Chicago Tribune Covers the Myths About Opiods

Chicago Tribune Covers the Myths About OpiodsThere is no question that the opioid epidemic is one of the greatest public health crises of our lifetimes. The record is deep with stories of tragic overdoses and towns that have been decimated by opioid abuse. In fact, the epidemic has even been blamed for lowering life-expectancy in the United States. This Chicago Tribune ran a commentary discussing the 5 myths about opioids. The author, Adriane Fugh-Berman, M.D., starts out with a little history about opioids that I think has been lost over time:

When I was in medical training in the 1980s, physicians were taught that opioids were useful but dangerous drugs that should be used only for severe injuries, after surgery or in terminally ill patients. Since the 1990s, however, pharmaceutical companies have systematically distorted perceptions about opioids, through paid speakers, sponsored “education” and bought-off organizations.

Dr. Fugh-Berman takes on a number of myths that many of us have just taken for granted. Here are the five myths that Dr. Fugh-Berman tackles and some of the interesting truths:

  1. Opioids are the most effective drugs for chronic pain: “opioids actually increase pain sensitivity over time”;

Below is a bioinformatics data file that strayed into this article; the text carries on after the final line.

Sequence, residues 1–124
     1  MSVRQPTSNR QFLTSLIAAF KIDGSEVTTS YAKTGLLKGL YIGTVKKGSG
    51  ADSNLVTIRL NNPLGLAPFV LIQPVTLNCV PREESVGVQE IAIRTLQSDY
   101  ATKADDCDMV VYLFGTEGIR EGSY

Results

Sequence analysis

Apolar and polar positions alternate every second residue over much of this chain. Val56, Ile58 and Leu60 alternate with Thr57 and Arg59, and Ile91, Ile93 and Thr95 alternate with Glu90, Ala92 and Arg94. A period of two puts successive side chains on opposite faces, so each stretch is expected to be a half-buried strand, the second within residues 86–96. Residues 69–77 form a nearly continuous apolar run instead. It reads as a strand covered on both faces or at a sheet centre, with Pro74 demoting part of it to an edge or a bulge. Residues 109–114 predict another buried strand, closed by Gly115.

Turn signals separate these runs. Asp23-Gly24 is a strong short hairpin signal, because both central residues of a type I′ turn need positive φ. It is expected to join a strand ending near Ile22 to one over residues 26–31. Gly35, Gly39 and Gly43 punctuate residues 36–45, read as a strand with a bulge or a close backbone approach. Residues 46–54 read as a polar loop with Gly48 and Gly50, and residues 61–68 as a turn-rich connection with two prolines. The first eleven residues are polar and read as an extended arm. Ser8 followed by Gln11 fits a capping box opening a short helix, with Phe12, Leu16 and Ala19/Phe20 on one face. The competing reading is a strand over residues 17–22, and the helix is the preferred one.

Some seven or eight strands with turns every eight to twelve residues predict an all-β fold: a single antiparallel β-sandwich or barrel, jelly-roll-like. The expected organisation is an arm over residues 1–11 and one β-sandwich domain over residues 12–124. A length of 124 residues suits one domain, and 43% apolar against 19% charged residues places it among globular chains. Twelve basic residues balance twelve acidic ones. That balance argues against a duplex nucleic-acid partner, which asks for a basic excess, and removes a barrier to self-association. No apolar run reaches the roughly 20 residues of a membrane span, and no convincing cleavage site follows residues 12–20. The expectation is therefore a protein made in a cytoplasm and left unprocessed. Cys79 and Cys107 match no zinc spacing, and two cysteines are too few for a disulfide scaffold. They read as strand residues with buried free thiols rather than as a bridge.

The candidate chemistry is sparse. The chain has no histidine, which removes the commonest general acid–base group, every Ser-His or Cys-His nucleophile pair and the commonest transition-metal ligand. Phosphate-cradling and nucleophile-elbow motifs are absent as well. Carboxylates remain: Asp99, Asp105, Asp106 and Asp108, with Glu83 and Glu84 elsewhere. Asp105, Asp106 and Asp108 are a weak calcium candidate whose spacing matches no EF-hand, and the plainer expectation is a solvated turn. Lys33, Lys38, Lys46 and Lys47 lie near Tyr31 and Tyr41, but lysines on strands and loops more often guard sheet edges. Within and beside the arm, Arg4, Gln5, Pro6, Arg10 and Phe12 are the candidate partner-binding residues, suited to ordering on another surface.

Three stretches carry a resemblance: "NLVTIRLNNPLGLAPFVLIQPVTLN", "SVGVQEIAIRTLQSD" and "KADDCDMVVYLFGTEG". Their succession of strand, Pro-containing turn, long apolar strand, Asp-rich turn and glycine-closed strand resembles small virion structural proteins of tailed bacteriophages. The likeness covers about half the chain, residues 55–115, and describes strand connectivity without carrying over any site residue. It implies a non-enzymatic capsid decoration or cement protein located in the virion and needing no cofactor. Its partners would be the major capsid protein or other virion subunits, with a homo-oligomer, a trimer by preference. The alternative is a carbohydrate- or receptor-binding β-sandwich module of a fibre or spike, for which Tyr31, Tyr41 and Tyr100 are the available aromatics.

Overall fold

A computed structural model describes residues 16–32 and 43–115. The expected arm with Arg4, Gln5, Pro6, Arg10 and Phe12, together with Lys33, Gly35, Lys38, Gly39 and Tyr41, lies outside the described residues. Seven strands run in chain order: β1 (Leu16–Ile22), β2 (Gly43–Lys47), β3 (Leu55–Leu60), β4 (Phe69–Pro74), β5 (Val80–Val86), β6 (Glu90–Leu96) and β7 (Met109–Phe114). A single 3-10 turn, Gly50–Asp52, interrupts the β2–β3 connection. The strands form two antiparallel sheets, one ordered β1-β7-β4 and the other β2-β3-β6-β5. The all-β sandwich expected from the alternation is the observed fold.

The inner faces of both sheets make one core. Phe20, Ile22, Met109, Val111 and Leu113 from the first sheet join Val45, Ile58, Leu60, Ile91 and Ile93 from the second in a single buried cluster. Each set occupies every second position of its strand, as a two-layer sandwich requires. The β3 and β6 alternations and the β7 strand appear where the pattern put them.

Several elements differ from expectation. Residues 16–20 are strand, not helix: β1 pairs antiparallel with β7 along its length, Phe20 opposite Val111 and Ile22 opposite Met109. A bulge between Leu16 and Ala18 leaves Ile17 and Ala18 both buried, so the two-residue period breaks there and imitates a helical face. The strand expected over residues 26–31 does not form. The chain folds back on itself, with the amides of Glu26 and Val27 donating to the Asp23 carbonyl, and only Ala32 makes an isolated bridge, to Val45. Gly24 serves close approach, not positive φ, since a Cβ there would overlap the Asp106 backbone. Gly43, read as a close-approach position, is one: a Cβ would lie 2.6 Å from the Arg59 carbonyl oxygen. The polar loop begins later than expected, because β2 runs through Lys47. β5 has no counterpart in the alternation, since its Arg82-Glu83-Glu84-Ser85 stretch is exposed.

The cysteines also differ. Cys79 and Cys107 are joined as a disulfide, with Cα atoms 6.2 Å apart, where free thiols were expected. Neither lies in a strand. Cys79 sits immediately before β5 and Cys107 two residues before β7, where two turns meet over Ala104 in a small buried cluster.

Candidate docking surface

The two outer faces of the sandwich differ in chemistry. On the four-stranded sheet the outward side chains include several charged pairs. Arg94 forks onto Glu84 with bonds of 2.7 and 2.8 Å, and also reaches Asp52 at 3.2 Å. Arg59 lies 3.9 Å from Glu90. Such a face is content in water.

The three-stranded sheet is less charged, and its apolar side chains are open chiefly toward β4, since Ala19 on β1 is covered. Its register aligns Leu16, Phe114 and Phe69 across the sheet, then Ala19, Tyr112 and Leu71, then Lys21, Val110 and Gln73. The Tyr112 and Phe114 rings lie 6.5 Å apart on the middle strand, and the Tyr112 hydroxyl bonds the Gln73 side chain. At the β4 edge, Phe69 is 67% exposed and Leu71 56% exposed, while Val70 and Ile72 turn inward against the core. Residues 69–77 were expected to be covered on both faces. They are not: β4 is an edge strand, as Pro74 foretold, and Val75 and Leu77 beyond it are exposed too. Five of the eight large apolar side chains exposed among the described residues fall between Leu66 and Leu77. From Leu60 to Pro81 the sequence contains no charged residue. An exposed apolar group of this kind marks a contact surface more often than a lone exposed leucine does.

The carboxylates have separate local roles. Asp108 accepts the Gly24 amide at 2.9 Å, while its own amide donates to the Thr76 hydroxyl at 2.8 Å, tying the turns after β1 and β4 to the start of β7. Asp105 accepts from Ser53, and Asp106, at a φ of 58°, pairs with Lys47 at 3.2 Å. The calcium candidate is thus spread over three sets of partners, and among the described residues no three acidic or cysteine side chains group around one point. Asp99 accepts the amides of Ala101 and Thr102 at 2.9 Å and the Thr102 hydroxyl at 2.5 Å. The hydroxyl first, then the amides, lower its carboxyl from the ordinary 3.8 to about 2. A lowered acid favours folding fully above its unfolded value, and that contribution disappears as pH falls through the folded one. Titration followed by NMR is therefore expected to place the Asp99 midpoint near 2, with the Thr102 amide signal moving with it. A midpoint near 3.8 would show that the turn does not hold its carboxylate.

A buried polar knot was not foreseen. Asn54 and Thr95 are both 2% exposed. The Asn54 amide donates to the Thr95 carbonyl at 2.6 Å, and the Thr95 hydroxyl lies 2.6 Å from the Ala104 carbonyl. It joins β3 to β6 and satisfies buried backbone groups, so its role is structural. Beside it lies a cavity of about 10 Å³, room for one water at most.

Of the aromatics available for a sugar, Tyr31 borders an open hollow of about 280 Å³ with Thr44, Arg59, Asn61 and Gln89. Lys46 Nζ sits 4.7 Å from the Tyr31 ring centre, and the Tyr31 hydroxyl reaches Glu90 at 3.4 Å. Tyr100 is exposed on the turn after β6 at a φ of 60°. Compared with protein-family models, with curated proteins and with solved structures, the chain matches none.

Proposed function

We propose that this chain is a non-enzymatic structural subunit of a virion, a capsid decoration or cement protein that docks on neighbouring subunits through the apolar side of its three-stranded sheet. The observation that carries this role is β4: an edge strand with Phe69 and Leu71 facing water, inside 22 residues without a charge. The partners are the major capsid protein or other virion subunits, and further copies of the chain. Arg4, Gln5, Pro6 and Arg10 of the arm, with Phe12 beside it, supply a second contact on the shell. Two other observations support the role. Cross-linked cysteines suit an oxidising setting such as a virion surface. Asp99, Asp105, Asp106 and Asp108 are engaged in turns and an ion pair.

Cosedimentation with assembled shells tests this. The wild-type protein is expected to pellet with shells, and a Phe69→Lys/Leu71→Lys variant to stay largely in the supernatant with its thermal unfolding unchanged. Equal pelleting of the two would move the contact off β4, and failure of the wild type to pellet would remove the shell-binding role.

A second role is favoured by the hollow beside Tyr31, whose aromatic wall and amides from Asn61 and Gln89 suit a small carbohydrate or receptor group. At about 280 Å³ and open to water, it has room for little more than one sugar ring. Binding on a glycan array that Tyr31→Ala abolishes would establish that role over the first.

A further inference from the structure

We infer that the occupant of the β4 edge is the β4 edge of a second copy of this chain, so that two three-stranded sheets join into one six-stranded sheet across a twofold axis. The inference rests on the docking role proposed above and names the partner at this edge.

2. Pharma hasn’t caused the addiction epidemic; doctors are at fault for prescribing opioids inappropriately: “physicians were persuaded to prescribe opioids inappropriately by pharmaceutical companies”;
  3. Addiction to prescribed opioids occurs only in patients who are already addicts: “Even people with no personal or family history of addiction can and have become addicted through a doctor’s prescription”;
  4. Abuse-deterrent formulations are part of the solution: “’abuse-deterrent’ simply means the pill is difficult to dissolve into an injectable form. This is a solution to a problem that doesn’t exist; most addicts swallow rather than inject opioids”; and,
  5. Public-private partnerships will help solve the opioid problem: “Partnering with the industry that created the opioid epidemic and now wants to profit from solutions does not make sense.”

This is a very smart piece written by a physician and professor of pharmacology and physiology at Georgetown University Medical Center. The opioid epidemic is part of our national identity right now. It would serve us all well to have a greater understanding of what we are talking about and reading this piece is a great starting point.

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